As part of “The Workers” show at Mass MoCA, Camel Collective will pull from the site’s actual history to recreate a moment from the 1970s when labor took a stand, and got creative in order to do it.
“The Workers” opens on Sunday, May 29.
Camel Collective — which for this project is made up of Anthony Graves and Carla Herrera-Prats — is recreating a scene from the 1970 strike at the former Sprague plant, utilizing a 40-foot chain link fence and screen-printed imagery pulled from the Transcript’s account of the times.
With one huge image and 12 smaller ones, the piece reveals a moment captured by the press when workers used a similar chain-link fence to hold Styrofoam coffee cups as part of the message of their protest.
“The reporter who took this picture named this intervention of the workers as artwork,” said Herrera-Prats. “So, in this picture from the ‘70s, there is a moment from the future, of what would happen in the future. They’re calling these workers artists, who are doing an intervention on the site of what in the future will become an art museum.”
While there were surely other creative moments in the complex over the years of its existence, this is the first time that anything in the media was captured and disseminated as art — and Camel Collective is celebrating that odd moment of precognitive journalism by taking it and blowing it up far beyond its original proportions contained in a newspaper microfiche and decorated by what was originally an instrument of control on the part of management.
“We didn’t anticipate that it would be about the fence,” Graves said. “We went through many, many images trying to figure out what struck us, which is when we came across this sign system that workers had improvised on the existing institutional structure. The fence, as I understand it, was put up by Sprague to limit the access of the strikers and to offer protection for the supervisors and scabs to enter.”
It was an act of appropriation on the part of the workers, and Camel Collective’s installation memorializes this forgotten symbol at a time when labor struggles have been in the news again.
“We wanted to have the fence in the gallery space and refer back to the images and be an example of the contemporary struggles that workers are facing today,” Herrera-Prats said. “We were able to link what is happening today with the fight for unions, with what was happening already in the ‘70s, because it is a continuation in this process that has not really changed but actually has been directed to a very specific direction.”
“It’s a similar struggle, but there’s also so much happening in terms of not just popular representation in the media of unions and what unions do, and also fewer and fewer people are able to recognize themselves as working class per se, because the economy has changed so much since the ‘70s,” Graves said.
Camel Collective’s modus operandi is one of research, as well as a rotating roll call per project. There is a third partner in the collective — Lasse Lau — and any given project will utilize combinations of the members as well as other people who are brought in for that specific project. With various artists allowing the thrill of research be their thematic guide, a situation is created where the collective never really knows where their investigations will take them or what will result. In this way the group starts off with at least a semi-blank slate that benefits from the collisions of artistic styles.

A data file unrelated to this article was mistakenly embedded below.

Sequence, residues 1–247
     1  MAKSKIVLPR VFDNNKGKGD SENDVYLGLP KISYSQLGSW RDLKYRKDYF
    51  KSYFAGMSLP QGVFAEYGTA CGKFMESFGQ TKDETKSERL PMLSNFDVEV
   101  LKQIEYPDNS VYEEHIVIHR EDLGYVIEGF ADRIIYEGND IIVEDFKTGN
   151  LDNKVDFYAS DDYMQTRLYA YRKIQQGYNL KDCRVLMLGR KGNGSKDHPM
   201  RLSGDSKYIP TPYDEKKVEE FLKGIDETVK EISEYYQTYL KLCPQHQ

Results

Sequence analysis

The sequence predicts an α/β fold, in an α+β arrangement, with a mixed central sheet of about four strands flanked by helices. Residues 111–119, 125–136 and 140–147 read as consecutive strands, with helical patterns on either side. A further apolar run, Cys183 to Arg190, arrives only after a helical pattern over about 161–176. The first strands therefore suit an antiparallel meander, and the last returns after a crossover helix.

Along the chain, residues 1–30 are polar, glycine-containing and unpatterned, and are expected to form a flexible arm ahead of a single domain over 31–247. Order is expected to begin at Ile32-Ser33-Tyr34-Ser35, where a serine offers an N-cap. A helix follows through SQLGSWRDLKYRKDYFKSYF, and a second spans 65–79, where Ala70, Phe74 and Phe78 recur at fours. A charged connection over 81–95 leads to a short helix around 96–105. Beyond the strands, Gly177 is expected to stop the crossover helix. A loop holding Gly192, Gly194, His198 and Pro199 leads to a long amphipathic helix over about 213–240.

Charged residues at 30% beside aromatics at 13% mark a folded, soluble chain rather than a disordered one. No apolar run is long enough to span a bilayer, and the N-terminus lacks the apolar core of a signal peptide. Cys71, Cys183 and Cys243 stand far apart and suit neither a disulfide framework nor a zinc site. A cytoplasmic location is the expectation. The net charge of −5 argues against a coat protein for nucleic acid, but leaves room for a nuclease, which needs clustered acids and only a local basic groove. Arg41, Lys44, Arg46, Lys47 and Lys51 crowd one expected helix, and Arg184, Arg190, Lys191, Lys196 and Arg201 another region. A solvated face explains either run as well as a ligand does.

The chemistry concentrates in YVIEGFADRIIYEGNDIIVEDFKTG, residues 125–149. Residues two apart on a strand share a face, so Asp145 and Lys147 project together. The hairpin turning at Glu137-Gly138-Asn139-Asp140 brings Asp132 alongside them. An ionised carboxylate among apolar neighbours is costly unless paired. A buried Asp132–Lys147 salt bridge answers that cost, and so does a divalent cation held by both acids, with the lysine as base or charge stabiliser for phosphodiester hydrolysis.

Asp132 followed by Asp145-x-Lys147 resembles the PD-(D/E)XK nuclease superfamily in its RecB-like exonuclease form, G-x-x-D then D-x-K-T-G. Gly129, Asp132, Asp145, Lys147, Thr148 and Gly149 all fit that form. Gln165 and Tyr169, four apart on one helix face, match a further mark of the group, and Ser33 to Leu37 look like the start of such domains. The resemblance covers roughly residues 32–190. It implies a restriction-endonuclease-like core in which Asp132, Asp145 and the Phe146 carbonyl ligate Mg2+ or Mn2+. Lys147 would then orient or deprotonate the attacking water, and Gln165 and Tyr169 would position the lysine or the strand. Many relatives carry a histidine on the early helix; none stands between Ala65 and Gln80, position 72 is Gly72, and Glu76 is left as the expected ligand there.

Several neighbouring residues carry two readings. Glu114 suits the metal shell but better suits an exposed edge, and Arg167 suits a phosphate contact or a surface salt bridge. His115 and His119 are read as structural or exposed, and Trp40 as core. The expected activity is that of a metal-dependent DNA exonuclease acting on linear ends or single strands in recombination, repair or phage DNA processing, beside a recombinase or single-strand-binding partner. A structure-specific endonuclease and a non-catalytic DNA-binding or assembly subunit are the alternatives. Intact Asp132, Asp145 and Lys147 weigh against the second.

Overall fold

Herrera-Prats says that even though the group might not have preconceived notions of a project, it does drift toward topics that concern them the most.
“Our interests are education, technology that deals with work and the worker, that deals with the ‘70s as a generation,” she said, “and becomes more photographic in the sense in that the three of us were born in that decade and to go back and look at the material that formed the first years of our own education has been in our interest,” she said.
“These things have been already decided, in terms of the collective, as some things we like or agree as being interested in and whenever we’re looking at images in an archive, we start looking for those things, or whenever we start a project, that will be not an easy topic, but we’ll already have a common geography in terms of research.
“Our interests are similar but our approaches can differ,” said Graves. “The reason we’re in a collective to begin with is to negotiate different approaches, the social activity rather than isolation as an approach.”
For the group, there’s a seat-of-their-pants aspect to any given art project. Even if they acknowledge the allure of the site, they still don’t know what specifics that site will offer as material for work.
“That can produce a lot of anxiety because there’s always a fear that maybe the material isn’t so interesting, but somehow it’s always interesting,” Graves said.
Graves says the collective process is a nice way of learning and surprising one another, especially since the work tends to bust the image one might have of collaborators. It’s a method that gives as much to the creators as it does to the visitors in a gallery, and creates a group artist identity that might be far more healthy and useful in a collective existence than in the lonely life of one painter, one room, one canvas.
“If we take an individual artist as the model if there’s antagonism, then you immediately pathologize it as a personality disorder,” said Graves, “but if you have a collective doing the same thing, that’s like a personality order.”